The Microbiome vs Non-Alcoholic Fatty Liver

You’re probably thinking, “How could the gut microbiome possibly interact with the liver?.”

The answer is primarily via the products that your gut microbes produce. Did you know your gut microbes produce substances that interact with your liver cells? Some of these substances include short chain fatty acids, indole, trimethylamine, secondary bile acids, and more. The substances can turn on or off fat metabolism, immune signaling, and your ability to balance antioxidant vs oxidant levels.

The Microbes in NAFLD

The Microbes in NAFLD

A study done on mice transplanted microbial strains B. thetaiotaiomicron and M. smithii into germ free adult mice resulting in fat production by their liver. Furthermore, the mice that were resistant to this had higher levels of the Roseburia and Barnesiella genera, and higher levels of Firmicutes.

Human trials have found higher levels of Enterobacteriaceae, Escherichia and Dorea, decreased Rikenellaceae, Coprococcus and Ruminoccaceae in NAFLD patients. Patients with advanced illness displayed increased gram negative microbes, Proteobacteria, Bacteroides vulgatus, E-coli, Streptococcus and decreased Firmicutes. 

SIBO and NAFLD

Clinical evidence suggests that Non-alcoholic steatohepatitis (NASH) patients have a higher prevalence of small intestinal bacterial overgrowth. SIBO was positive at 34.3% in those with NASH versus 14.8% in those with Celiac Disease and 0% in healthy volunteers.

Studies have also found that administration of antibiotics can improve NAFLD and associated inflammation markers. A good sign SIBO and the microbiome are involved.

Endotoxins and Endproducts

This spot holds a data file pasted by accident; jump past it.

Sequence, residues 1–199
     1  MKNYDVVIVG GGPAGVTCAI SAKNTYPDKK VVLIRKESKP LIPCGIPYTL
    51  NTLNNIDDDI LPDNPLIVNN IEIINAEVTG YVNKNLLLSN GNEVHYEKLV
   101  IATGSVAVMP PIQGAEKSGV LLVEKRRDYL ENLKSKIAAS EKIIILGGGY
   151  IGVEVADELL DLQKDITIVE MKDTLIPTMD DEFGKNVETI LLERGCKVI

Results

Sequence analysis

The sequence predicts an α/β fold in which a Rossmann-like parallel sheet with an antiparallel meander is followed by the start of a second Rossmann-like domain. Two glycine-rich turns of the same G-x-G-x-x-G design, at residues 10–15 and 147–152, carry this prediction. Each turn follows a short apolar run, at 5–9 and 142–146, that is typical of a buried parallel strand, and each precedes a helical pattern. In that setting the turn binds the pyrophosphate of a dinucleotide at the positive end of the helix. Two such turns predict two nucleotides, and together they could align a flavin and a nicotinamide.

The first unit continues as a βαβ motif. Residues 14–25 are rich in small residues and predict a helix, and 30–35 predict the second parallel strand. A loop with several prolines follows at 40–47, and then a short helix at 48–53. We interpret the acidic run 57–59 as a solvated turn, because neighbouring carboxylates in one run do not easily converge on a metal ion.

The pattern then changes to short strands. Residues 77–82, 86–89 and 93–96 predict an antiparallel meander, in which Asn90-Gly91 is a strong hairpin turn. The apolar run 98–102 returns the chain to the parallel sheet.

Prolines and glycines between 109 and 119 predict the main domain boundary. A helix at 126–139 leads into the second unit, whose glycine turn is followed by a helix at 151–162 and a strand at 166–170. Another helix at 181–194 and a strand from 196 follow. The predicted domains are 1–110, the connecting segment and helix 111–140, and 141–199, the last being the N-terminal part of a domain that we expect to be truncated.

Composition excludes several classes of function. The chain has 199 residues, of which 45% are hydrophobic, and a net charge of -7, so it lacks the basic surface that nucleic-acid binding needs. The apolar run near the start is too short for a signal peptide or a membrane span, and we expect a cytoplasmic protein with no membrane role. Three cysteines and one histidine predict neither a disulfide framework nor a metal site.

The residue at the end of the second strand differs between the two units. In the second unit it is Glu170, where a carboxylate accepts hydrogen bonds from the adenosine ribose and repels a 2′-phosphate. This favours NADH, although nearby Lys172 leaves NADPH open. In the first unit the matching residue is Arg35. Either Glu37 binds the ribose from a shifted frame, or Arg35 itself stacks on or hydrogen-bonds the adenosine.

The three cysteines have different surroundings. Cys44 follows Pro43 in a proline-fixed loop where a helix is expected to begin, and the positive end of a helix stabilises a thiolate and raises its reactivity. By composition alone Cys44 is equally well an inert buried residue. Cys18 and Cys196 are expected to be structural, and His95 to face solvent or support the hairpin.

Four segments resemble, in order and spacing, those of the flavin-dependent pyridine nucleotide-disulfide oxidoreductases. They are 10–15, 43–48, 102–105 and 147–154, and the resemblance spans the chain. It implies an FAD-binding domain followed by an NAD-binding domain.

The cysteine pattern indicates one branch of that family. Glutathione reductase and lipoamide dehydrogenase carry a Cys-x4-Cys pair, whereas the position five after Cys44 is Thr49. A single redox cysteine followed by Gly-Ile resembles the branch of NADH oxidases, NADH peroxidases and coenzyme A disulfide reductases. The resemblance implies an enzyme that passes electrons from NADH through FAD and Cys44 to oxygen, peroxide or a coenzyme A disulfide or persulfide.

The main microbial endproducts elevated in NAFLD include: LPS, ammonia, ethanol, choline and choline metabolites.

NAFLD patients also have higher serum levels of bile acids, including secondary bile acids., as compared to control patients.

LPS is the strongest endotoxin in the body. Several lines of evidence have shown that increments of circulating LPS impairs intestinal barrier function and causes subsequent increases in intestinal permeability (Leaky Gut). More importantly, LPS that enters into the liver through the portal vein blood activates Kupffer cells and stellate cells via TLR4, which promote hepatic inflammation and fibrosis. In addition, activation of NLRP3 inflammasome induced by LPS has recently been shown to be linked with the progression of NASH.

FMT and NAFL

Faecal microbiota transplant is currently being explored as a treatment for NAFLD in clinical trials. Results of animal studies suggest that FMT improved NASH in mice by improving intrahepatic lipid accumulation, IR, and serum proinflammatory cytokine levels. Another study showed that animals with NAFLD which underwent fecal transplant had decreased hepatic gluconeogenesis and intestinal permeability. In a RCT, patients with metabolic syndrome who received gut microbiota from healthy individuals had increased insulin sensitivity and gut microbial diversity six weeks after FMT.

Prebiotics

Prebiotics and Synbiotics (Probiotic-Prebiotic combinations) are being explored as treatment in clinical trials currently.

Conclusion

Many of the clients I work with do or did have NAFLD as part of their SIBO/IBS dynamic. If SIBO symptoms are present we always start with breath testing. This helps us understand how much focus needs to be placed on microbial reduction and motility and SIBO related root causes vs. being able to start with building up the microbiome. In addition, we work on reducing ammonia, microbially produced alcohol and inflammatory signalling. A root cause analysis can lead us to focus on other areas that need support, that may be promoting SIBO or microbial imbalance.

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